Consultancy Companies: Innovative Decisions, Inc. (IDI)


Innovative Decisions, Inc., (IDI), in Vienna, Virginia, is one of a few firms that considers itself to be a “decision analysis” firm.   IDI supports the needs of analysts, managers and senior decision-makers through its consulting, facilitation and training services.  While IDI also delivers operations research, statistical, and systems engineering support, “helping people make decisions” is the common theme among these domains and is IDI’s core business.  Started in 2001 by Terry Bresnick and Dennis Buede, IDI now has twenty-seven people delivering decision analysis services.  We are still a virtual company, operating primarily within client spaces. We go in and out of client sites, we operate from home offices, but we really have no base location. The vast majority of IDI’s client base is in the public sector of the United States.


IDI focuses on four major business areas:

     Decision Modeling and Analysis:  Building models and conducting analyses that support solving a specific problem or making a decision.

     Decision Conferencing: Facilitating project teams and working groups of decision-makers and other experts where solutions are based on group consensus.

     Research in Decision-Making:  Focusing on individual and group decision-making processes, decision-oriented methodologies, human factors, and cognitive biases.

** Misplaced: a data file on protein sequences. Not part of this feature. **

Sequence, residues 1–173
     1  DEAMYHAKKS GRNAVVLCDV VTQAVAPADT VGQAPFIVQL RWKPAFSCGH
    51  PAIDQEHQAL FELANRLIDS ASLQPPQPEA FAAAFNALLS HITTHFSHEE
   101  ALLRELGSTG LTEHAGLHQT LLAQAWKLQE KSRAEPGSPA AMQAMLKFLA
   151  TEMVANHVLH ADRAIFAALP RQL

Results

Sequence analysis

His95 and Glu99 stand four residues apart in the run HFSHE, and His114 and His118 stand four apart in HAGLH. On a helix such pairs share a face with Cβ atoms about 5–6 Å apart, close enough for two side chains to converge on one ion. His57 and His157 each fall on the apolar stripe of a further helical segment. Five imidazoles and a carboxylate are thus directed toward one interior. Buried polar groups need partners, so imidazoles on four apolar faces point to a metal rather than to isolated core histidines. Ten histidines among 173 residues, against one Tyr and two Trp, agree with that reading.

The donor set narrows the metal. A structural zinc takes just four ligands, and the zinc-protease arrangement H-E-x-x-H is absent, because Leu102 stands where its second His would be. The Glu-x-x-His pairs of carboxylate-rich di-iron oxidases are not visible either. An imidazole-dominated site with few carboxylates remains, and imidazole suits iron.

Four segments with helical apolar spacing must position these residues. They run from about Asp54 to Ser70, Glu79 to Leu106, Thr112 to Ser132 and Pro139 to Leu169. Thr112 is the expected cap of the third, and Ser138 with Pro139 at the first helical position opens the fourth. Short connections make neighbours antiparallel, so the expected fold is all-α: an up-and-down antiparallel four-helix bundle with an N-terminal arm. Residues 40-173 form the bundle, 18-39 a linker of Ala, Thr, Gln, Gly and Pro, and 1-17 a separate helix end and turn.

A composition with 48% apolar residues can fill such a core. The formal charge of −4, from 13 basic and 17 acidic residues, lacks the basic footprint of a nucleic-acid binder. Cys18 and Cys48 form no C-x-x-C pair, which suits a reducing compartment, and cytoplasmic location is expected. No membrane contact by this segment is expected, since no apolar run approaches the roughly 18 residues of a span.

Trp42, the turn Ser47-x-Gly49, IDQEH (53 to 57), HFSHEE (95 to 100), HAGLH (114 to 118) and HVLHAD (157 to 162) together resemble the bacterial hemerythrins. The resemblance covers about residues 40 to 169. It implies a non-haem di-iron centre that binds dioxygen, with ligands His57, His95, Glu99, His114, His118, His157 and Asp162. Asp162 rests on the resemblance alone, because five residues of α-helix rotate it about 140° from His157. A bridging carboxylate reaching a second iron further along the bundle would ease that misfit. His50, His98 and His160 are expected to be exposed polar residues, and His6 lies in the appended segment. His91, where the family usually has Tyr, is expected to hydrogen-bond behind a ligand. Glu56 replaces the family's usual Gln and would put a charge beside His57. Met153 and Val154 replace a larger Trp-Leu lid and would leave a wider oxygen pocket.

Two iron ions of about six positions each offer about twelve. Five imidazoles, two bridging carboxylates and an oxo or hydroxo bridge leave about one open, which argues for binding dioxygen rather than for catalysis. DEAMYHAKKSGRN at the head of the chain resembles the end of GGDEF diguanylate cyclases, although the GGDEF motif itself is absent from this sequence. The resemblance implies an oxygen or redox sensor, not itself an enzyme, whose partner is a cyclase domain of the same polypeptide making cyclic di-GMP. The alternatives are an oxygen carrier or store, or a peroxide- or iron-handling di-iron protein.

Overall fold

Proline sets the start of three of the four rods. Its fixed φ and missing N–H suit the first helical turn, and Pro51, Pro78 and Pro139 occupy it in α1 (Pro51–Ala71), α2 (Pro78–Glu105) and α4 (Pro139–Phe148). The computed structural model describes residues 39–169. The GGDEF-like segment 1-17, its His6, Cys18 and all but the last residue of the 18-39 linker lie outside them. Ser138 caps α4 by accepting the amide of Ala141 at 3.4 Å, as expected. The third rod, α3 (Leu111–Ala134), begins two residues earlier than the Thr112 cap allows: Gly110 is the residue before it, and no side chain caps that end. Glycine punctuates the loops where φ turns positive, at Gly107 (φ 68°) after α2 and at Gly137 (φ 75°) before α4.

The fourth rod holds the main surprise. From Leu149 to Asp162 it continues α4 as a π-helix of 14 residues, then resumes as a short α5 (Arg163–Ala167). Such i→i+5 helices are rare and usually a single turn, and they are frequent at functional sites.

Decision Analysis Training and Seminars:  Providing tailored instruction and coaching on decision analysis topics pertinent to specific clients.


The nature of the consultancy practice at IDI is somewhat unique. Most of us are decision analysts by trade. Many of the people in the company came out of Ron Howard’s program at Stanford in what used to be the Engineering- Economic Systems department.  We also have several people with a business school background.  More recently, we have added several folks with operations research backgrounds, with several coming from the Naval Postgraduate School and from the Information Technology program at George Mason University. Additionally, we have several social scientists who emphasize the cognitive side of decision making. When we bring the four aspects together, the engineering component, the business component, the operations research component, and the cognitive psychology component, it makes for a fairly powerful combination of perspectives to bring into an organization.

We can best describe our decision analysis practice in terms of the following questions:

 What our clients are really buying?  Are they buying our analysis where we represent some subset of expertise, or are they buying a process where the goal is to help their experts and their analysts have a process that they can use that they can repeat and they can solve the important problems of the day. For the most part, we sell processes – decision analysis processes that produce valued results in terms of insights into their decisions based upon inputs from key people in a cost-efficient time frame.

Are we selling subject matter expertise or just good advice? Very often people come to us because they trust us. We’re objective, we don’t have a stake in the decision and they’re looking for someone to guide them along the correct path. They’re not necessarily looking for sophisticated analytic models; they’re not impressed by the fact that we can do large optimizations; they don’t come to us because we can build huge probabilistic models. What they really need is good advice on how to look at their problem, how to structure their problem, how to solve their problem.